View Full Version : Let's Get Free, Part 2

27th April 10, 08:05 AM
The book begins with a shocking analysis of the criminal justice system. It is a system that currently incarcerates 2.3 million people nationally, a number expected to grow to eight million by the end of next year. BUTLER, at pg. 27. 500,000 of these people are serving lengthy jail sentences for non-violent, drug crimes. This is a system, Professor Butler notes, that turns serving prison terms from a stigma into a rite of passage and subsequently creates communities where a large portion of the population are unemployable due to their criminal records. It is a system where there is no appreciable link between the amount of people in jail and the crime rate, and where blacks are incarcerated at a rate of 8 to 1 as compared to whites. According to Professor Butler, it is a system that destroys communities, accounts for more than twenty percent of the world’s prisoners, and serves to erode long standing civil liberties. It is a system taxpayers pay 60 billion dollars a year to continue.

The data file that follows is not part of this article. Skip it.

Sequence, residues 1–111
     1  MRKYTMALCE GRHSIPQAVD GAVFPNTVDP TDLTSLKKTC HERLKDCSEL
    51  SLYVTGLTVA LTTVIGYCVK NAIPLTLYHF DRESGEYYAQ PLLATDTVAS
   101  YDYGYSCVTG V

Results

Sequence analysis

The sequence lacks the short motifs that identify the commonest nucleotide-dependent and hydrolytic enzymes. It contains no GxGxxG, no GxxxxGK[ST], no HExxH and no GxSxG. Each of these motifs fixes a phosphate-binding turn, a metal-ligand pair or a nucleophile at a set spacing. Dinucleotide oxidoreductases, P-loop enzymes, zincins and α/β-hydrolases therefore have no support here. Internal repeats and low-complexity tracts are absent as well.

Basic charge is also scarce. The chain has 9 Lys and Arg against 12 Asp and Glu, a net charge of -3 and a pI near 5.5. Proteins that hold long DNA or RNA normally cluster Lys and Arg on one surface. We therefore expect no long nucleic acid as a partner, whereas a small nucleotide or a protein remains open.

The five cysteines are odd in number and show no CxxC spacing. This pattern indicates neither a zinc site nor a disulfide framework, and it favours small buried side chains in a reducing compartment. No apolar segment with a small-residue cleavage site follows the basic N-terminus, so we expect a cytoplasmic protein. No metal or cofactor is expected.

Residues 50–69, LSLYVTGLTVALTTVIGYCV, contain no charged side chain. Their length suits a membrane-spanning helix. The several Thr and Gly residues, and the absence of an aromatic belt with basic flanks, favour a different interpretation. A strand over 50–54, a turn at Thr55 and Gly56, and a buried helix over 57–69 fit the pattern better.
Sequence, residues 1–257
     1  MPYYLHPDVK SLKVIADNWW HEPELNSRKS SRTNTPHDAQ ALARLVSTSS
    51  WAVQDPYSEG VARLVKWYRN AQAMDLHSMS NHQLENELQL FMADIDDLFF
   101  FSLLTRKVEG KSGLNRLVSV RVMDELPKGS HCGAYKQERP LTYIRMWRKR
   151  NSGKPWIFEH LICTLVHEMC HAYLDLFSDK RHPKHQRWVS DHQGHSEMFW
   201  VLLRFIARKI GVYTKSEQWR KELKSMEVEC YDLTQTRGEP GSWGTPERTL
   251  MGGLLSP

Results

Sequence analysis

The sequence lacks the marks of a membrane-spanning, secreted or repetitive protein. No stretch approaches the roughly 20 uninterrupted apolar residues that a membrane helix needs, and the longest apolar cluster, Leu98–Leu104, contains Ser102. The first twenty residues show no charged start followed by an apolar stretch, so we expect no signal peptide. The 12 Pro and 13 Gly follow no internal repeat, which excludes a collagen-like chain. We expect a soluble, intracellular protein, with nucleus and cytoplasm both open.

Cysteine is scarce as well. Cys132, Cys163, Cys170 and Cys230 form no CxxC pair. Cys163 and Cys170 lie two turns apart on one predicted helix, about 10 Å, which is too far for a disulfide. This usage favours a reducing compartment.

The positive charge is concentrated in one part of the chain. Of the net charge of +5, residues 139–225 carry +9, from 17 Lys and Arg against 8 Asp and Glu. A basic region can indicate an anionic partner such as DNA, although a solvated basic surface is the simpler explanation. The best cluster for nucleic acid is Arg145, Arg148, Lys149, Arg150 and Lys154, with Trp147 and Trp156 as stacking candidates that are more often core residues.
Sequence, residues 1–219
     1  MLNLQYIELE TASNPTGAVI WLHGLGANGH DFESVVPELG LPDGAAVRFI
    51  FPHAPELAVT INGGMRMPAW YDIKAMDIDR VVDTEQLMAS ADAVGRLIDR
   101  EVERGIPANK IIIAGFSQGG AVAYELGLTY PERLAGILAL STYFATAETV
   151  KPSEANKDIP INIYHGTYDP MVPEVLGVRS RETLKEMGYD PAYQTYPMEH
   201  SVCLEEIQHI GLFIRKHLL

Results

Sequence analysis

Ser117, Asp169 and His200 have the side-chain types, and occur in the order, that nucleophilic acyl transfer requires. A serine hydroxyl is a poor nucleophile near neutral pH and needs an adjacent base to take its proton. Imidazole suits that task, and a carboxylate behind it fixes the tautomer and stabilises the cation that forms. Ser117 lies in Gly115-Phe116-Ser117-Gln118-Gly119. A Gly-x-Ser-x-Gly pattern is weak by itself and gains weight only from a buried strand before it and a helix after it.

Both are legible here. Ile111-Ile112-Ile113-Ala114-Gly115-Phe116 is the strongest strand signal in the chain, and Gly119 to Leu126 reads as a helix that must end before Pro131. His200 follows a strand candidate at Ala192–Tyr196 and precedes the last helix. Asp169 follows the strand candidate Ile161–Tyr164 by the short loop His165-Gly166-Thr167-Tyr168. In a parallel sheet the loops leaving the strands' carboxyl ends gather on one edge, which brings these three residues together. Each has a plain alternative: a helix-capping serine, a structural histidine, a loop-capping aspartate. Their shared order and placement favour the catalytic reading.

Professor Butler is not against incarceration however. He ardently stands against all violent criminals, citing the conviction to help the innocent that drove him to become a prosecutor in the first place. Instead, Professor Butler identifies the criminalization of non-violent drug use as the fatal flaw in the American justice system. The history of drug crime laws is, as Professor Butler tells it, inextricably tied to race. At the turn of the century, several campaigns against opium, cocaine, and marijuana cited the drugs affects on ethnic groups as the principal motivation behind their prohibition. This trend continued through the 1970’s when President Nixon officially announced the War of Drugs. Since the start of the War on Drugs, drug related deaths have doubled, 44% of the population claims to have at least tried illegal drugs at some point, and the revenues from the sale of drugs would rate number 13 on the Fortune 500 list of largest US corporations. BUTLER, at pg. 49.